Proposals to make us smarter than the greatest geniuses or to add thousands of years to our life spans seem fit only for the spam folder or trash can. And yet this is what contemporary advocates of radical enhancement offer in all seriousness. They present a variety of technologies and therapies that will expand our capacities far beyond what is currently possible for human beings. In Humanity’s End, Nicholas Agar argues against radical enhancement, describing its destructive consequences.
Agar examines the proposals of four prominent radical enhancers: Ray Kurzweil, who argues that technology will enable our escape from human biology; Aubrey de Grey, who calls for anti-aging therapies that will achieve "longevity escape velocity"; Nick Bostrom, who defends the morality and rationality of enhancement; and James Hughes, who envisions a harmonious democracy of the enhanced and the unenhanced. Agar argues that the outcomes of radical enhancement could be darker than the rosy futures described by these thinkers. The most dramatic means of enhancing our cognitive powers could in fact kill us; the radical extension of our life span could eliminate experiences of great value from our lives; and a situation in which some humans are radically enhanced and others are not could lead to tyranny of posthumans over humans.
About the Author
Nicholas Agar is Reader in Philosophy at Victoria University of Wellington, New Zealand.
Table of Contents
- Humanity’s End
- Life and Mind: Philosophical Issues in Biology and Psychology
- Kim Sterelny and Robert A. Wilson, editors
- Cycles of Contingency: Developmental Systems and Evolution ,
- Susan Oyama, Paul E. Griffiths, and Russell D. Gray, editors, 2000
- Coherence in Thought and Action ,
- Paul Thagard, 2000
- Evolution and Learning: The Baldwin Effect Reconsidered ,
- Bruce H. Weber and David J. Depew, 2003
- Seeing and Visualizing: It’s Not What You Think ,
- Zenon Pylyshyn, 2003
- Organisms and Artifacts: Design in Nature and Elsewhere ,
- Tim Lewens, 2004
- Molecular Models of Life: Philosophical Papers on Molecular Biology ,
- Sahotra Sarkar, 2004
- Evolution in Four Dimensions ,
- Eva Jablonka and Marion J. Lamb, 2005
- The Evolution of Morality ,
- Richard Joyce, 2006
- Maladapted Psychology: Infelicities of Evolutionary Psychology ,
- Robert Richardson, 2007
- Describing Inner Experience? Proponent Meets Skeptic ,
- Russell T. Hurlburt and Eric Schwitzgebel, 2007
- The Native Mind and the Cultural Construction of Nature ,
- Scott Atran and Douglas Medin, 2008
- The Extended Mind ,
- Richard Menary, editor, 2010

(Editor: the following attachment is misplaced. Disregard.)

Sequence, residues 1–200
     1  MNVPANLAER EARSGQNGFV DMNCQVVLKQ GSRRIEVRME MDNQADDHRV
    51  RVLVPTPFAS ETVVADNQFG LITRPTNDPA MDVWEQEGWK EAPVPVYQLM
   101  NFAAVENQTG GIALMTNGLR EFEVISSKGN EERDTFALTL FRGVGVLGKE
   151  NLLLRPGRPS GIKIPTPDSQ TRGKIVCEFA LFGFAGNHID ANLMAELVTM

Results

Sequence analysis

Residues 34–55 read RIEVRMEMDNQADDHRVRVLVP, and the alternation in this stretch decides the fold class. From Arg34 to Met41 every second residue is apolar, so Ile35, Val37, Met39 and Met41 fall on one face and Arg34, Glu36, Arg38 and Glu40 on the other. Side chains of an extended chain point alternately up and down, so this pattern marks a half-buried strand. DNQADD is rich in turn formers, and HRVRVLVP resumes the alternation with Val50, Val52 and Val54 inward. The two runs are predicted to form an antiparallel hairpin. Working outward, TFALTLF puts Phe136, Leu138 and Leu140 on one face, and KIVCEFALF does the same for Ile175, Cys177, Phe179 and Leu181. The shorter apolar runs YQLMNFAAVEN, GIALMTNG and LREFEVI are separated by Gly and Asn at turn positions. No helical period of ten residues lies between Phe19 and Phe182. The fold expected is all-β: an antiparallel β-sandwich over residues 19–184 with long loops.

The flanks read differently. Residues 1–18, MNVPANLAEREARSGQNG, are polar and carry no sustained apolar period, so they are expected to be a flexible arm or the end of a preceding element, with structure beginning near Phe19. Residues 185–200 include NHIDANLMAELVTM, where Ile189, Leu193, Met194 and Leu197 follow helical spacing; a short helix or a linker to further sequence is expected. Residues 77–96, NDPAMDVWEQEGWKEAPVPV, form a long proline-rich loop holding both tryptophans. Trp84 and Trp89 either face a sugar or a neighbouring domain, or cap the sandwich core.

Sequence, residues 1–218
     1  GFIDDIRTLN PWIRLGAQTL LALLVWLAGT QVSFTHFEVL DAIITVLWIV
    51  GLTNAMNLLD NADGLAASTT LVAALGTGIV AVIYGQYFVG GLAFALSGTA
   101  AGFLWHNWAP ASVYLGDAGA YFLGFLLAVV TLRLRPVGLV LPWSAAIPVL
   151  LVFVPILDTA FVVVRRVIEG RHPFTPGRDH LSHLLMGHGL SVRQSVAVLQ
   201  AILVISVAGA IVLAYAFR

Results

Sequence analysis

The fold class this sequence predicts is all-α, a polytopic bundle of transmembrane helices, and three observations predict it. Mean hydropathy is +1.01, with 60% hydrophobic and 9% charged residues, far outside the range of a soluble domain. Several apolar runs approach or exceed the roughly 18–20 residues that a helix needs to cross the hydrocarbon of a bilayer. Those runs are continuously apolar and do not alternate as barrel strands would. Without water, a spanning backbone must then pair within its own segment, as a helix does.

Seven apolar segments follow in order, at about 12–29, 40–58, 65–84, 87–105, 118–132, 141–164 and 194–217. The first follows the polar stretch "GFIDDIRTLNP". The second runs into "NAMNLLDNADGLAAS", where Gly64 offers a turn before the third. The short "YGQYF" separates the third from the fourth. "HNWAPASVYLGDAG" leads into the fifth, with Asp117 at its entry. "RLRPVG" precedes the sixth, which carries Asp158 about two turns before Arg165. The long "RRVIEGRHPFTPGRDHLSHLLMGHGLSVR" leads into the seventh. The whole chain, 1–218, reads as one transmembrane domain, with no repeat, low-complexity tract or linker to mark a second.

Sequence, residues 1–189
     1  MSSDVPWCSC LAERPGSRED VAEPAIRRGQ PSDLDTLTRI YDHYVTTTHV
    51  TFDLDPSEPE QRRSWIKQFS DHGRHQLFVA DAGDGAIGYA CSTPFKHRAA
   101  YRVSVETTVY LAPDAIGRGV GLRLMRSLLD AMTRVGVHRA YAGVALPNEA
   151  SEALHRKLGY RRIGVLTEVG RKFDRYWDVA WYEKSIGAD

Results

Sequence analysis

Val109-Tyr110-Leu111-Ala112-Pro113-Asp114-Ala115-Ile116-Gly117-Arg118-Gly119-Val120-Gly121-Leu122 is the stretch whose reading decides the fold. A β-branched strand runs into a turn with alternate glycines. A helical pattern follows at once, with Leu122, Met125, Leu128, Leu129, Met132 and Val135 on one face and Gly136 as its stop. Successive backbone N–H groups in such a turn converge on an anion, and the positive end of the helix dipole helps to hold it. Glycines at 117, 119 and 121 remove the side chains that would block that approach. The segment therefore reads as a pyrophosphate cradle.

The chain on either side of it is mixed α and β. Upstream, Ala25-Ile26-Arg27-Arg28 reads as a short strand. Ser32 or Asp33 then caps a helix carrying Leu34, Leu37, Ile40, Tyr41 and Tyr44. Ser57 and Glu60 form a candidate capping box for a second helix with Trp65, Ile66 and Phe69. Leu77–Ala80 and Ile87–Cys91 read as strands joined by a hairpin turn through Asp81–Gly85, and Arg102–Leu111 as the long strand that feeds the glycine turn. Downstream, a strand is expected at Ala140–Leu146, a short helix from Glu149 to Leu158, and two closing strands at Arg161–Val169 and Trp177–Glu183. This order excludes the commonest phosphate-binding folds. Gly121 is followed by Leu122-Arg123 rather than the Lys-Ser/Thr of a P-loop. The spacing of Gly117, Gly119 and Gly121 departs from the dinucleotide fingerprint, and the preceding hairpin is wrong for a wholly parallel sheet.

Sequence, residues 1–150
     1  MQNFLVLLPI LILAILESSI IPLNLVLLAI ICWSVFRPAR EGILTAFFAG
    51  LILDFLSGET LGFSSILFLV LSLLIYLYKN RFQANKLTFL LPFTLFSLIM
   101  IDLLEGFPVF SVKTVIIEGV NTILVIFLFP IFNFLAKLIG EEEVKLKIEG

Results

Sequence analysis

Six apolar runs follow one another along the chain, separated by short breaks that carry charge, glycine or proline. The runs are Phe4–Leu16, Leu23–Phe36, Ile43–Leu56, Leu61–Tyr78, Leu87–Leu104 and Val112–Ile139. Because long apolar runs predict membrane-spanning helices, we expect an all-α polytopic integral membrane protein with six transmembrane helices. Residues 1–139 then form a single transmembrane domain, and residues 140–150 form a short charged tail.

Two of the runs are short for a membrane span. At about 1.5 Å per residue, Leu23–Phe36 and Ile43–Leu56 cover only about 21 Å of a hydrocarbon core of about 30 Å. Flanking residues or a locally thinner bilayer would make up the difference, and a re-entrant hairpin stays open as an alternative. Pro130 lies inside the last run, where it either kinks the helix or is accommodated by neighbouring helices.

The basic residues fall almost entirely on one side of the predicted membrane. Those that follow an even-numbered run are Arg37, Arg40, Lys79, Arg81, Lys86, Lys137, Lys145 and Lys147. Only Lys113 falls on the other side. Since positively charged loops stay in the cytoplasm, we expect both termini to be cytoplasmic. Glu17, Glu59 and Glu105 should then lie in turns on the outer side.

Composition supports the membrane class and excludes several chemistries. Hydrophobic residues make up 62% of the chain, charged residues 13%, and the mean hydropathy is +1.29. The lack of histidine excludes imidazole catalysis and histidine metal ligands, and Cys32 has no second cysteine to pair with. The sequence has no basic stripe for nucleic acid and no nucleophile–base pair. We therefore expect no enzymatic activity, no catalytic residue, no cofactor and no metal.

- Humanity’s End ,
- Nicholas Agar, 2010
- Humanity’s End
- Why We Should Reject Radical Enhancement
- Nicholas Agar
- A Bradford Book
- The MIT Press
- Cambridge, Massachusetts
- London, England
- © 2010
- Massachusetts Institute of Technology
- All rights reserved. No part of this book may be reproduced in any form by any electronic or mechanical means (including photocopying, recording, or information storage and retrieval) without permission in writing from the publisher.
- For information about special quantity discounts, please email special_sales@ mitpress.mit.edu
- This book was set in Stone Sans and Stone Serif by Toppan Best-set Premedia Limited. Printed and bound in the United States of America.
- Library of Congress Cataloging-in-Publication Data
- Agar, Nicholas.
- Humanity’s end : why we should reject radical enhancement / Nicholas Agar.
- p. cm.—(Life and mind)
- "A Bradford book."
- Includes bibliographical references and index.
- ISBN 978-0-262-01462-5 (hardcover : alk. paper) 1. Human evolution—Effect of technological innovations on. 2. Technological innovations—Social aspects. I. Title.
- GN281.A33 2010
- 10 9 8 7 6 5 4 3 2
- Acknowledgments vii
- 1 What Is Radical Enhancement? 1
- 2 Radical Enhancement and Posthumanity 17
- 3 The Technologist—Ray Kurzweil and the Law of Accelerating Returns 35
- 4 Is Uploading Ourselves into Machines a Good Bet? 57
- 5 The Therapist—Aubrey de Grey’s Strategies for Engineered Negligible Senescence 83
- 6 Who Wants to Live Forever? 107
- 7 The Philosopher—Nick Bostrom on the Morality of Enhancement 133
- 8 The Sociologist—James Hughes and the Many Paths of Moral Enhancement 151
- 9 A Species-Relativist Conclusion about Radical Enhancement 179
- Notes 199
- Index 217
“An evenhanded treatment of an area ripe for serious philosophical scrutiny. Agar’s analysis is philosophically astute, empirically informed, and historically shrewd. It is a welcome corrective to the occasional extravagancies of the human sciences.”—Quarterly Review of Biology
“Penetrating and lucid…This is the definitive critique of what [Agar] calls ‘radical enhancement.’”—Monash Bioethic Review
"Arguments against radical enhancement have too often in the past been characterized by irrationalism and mysticism. Nicholas Agar presents the first cogent case for the rationality of opposing radical enhancement. Moving easily between science and philosophy, he argues for a species-relative conception of valuable experiences, according to which we have a strong reason to remain human. This central claim is bolstered by a host of other arguments, which will ensure that Humanity's End will become a central reference point for debates over the desirability of radical enhancement."—Neil Levy, Oxford Centre for Neuroethics
"Nicholas Agar has written an excellent introduction to the moral challenges of our transition to a posthuman future, engagingly told by contrasting the work of four very different transhumanists. Humanity's End joins Agar's Liberal Eugenics on the must-read list for those interested in the future of the human race."—James J. Hughes, Executive Director, Institute for Ethics and Emerging Technologies
CHOICE Outstanding Academic Title, 2011.